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Risso's dolphin at surface

My lucky number – 13 years studying amazing Risso’s dolphins

Everything we learn about the Risso's dolphins off the coast of Scotland amazes us and...
Dead sperm whale in The Wash, East Anglia, England. © CSIP-ZSL.

What have dead whales ever done for us?

When dead whales wash up on dry land they provide a vital food source for...
Risso's dolphin © Andy Knight

We’re getting to know Risso’s dolphins in Scotland so we can protect them

Citizen scientists in Scotland are helping us better understand Risso's dolphins by sending us their...
Pilot whales pooing © Christopher Swann

Talking crap and carcasses to protect our planet

We know we need to save the whale to save the world because they are...
Fin whale (balaenoptera physalus) Three fin whales Gulf of California.

Speaking truth to power – my week giving whales a voice

The International Whaling Commission (IWC) meeting is where governments come together to make decisions about whaling...

Why do whales and dolphins strand on beaches?

People often ask me 'why' whales and dolphins do one thing or another.  I'm a...
A spinner dolphin leaping © Andrew Sutton/Eco2

Head in a spin – my incredible spinner dolphin encounter

Sri Lanka is home to at least 30 species of whales and dolphins, from the...
Orca (ID171) breaches off the coast of Scotland © Steve Truluck.

Watching whales and dolphins in the wild can be life changing

Whales and dolphins are too intelligent, too large and too mobile to ever thrive in...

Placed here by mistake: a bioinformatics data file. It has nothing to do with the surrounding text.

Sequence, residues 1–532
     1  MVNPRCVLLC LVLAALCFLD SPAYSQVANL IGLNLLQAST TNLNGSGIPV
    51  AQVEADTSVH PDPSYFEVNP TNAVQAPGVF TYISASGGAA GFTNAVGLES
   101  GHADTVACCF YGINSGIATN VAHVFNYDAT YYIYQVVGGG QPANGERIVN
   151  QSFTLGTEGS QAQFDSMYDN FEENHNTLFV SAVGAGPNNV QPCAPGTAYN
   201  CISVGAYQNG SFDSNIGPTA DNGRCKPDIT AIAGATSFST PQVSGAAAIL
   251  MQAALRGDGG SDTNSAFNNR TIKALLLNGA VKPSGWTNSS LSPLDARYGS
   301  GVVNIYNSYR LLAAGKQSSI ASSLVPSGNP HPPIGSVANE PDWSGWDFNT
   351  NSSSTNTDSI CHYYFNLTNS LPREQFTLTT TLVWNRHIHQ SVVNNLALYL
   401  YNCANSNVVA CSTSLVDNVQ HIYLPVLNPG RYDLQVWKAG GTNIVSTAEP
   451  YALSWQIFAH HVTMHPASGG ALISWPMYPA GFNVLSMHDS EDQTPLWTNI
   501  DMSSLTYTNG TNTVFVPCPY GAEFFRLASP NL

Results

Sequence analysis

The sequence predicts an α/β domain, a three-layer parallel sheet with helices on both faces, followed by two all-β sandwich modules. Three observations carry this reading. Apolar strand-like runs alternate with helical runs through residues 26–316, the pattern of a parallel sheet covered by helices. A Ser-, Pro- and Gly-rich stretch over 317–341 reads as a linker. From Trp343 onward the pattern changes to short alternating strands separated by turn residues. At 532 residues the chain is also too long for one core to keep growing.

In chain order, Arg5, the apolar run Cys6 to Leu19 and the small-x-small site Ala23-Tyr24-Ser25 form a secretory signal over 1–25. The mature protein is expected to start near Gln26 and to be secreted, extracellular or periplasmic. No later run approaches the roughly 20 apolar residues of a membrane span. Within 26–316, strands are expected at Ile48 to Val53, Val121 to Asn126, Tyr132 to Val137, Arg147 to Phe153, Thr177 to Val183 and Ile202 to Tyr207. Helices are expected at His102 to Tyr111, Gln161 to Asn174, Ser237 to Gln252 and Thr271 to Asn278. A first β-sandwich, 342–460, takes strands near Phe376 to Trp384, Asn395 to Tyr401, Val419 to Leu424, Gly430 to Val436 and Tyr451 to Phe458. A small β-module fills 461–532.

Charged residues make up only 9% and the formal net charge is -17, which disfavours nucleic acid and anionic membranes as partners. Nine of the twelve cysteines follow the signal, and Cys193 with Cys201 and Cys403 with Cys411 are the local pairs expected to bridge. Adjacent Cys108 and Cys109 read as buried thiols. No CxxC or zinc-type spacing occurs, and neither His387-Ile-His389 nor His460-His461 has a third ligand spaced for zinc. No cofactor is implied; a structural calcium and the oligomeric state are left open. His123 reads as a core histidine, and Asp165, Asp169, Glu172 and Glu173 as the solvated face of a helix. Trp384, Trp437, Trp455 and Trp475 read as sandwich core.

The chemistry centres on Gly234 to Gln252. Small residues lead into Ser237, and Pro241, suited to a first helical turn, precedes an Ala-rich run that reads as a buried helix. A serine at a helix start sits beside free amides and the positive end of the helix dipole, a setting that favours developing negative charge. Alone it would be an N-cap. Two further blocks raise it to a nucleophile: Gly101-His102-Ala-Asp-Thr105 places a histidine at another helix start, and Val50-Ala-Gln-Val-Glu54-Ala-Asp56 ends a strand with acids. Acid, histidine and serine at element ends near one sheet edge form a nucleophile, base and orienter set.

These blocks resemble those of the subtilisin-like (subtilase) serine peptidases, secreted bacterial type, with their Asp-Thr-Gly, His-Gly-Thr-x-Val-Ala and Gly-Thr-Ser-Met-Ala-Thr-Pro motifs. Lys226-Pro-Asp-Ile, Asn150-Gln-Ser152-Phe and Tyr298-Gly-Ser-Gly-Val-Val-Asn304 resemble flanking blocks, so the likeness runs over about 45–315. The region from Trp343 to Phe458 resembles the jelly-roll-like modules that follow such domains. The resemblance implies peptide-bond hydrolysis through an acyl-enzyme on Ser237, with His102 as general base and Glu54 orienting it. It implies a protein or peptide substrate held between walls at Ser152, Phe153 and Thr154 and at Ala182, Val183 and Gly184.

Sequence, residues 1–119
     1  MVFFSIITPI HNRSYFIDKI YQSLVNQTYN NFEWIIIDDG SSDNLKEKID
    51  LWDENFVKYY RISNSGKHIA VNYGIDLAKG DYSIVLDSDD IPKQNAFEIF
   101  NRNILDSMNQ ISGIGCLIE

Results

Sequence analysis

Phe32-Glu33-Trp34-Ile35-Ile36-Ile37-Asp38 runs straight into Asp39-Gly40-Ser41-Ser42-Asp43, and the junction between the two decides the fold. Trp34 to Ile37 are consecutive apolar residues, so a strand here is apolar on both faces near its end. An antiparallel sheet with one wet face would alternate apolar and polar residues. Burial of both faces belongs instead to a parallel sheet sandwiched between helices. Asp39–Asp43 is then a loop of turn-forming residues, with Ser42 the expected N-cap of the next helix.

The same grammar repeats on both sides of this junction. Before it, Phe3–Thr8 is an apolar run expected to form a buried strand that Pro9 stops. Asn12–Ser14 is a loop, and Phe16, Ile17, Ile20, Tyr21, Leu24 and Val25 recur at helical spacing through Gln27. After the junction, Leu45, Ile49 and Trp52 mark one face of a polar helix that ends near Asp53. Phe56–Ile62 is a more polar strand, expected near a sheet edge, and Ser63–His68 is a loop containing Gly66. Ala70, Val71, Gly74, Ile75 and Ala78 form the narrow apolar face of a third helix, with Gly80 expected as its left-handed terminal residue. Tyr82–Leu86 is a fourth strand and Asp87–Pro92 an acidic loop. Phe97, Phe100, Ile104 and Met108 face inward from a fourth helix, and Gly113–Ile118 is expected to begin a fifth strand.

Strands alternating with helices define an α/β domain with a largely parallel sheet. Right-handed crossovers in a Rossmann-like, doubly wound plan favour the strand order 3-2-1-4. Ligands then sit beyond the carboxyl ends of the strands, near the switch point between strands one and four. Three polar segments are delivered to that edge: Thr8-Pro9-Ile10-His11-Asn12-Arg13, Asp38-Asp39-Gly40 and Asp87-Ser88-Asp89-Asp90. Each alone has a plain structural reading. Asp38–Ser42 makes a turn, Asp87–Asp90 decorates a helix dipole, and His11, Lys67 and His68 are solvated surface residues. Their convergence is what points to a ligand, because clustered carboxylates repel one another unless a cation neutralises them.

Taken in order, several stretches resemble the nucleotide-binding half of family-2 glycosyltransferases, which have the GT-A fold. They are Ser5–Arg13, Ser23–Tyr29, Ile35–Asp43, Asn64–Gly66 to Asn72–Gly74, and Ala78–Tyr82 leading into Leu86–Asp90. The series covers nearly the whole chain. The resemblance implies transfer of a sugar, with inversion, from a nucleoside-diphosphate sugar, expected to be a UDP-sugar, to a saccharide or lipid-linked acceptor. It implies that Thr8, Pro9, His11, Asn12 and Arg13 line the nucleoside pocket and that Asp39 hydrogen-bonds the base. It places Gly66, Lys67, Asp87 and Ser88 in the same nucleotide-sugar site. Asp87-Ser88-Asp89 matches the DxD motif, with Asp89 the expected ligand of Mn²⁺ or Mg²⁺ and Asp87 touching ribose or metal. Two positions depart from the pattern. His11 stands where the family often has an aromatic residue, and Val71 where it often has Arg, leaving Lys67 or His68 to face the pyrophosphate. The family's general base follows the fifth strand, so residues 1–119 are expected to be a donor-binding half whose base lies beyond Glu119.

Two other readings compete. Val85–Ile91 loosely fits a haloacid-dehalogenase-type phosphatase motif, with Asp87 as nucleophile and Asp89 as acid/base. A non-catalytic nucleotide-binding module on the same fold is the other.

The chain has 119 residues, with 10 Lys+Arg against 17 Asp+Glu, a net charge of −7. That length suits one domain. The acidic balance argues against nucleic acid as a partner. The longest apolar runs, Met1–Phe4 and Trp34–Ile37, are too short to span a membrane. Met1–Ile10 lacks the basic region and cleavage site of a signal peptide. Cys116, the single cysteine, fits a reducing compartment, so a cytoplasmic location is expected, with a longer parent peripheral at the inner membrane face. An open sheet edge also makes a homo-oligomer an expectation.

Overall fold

First pilot whales of the season killed in Taiji

Reports from Taiji reveal the brutal struggle of a large pod of pilot whales that were chased, captured and held for several days before their slaughter. On November 19th, at least 50 pilot whales, including mothers and calves, were driven into the cove. They were held overnight, and separated into two groups the following day. At least half of the whales were dragged under the tarpaulins and killed, and the rest remain trapped in the cove for another day, their fate uncertain.

The cruelty inflicted upon the whales over the last several days is overwhelming as entire families of pilot whales have been destroyed. These sentient and self-aware creatures are physically and psychologically traumatized by the hunts, as they must not only endure being driven miles from sea, physically exhausted, injured, or separated from family members, but also experience the audible distress of trapped or dying pod mates.

With this recent hunt, since the start of the season on September 1st, at least 300 dolphins have been driven into the cove in Taiji, Japan. Of this total, at least 175 have been slaughtered, and 57 have been taken alive into captivity. The drive hunts may run into the month of April (for pilot whales), meaning the season is just nearing its midway point.

Hunting quotas have been set for the 2015-16 season and allow for 1,873 dolphins to be taken in the drive hunts in Taiji alone. Of this total, 101 pilot whales are allowed to be taken. Over 900 bottlenose and striped dolphins may be killed, along with hundreds of other spotted, Risso’s, Pacific white-sided dolphins, and false killer whales.

Pilot whales, like other toothed whales, show advanced cognition, including complex social and self-awareness. These individuals undergo a prolonged process involving not only the herding offshore but confinement, holding, and eventual corralling to the shoreline, followed by killing in close proximity to conspecifics and other members of their social and family groups. The entire process can last many hours or even days.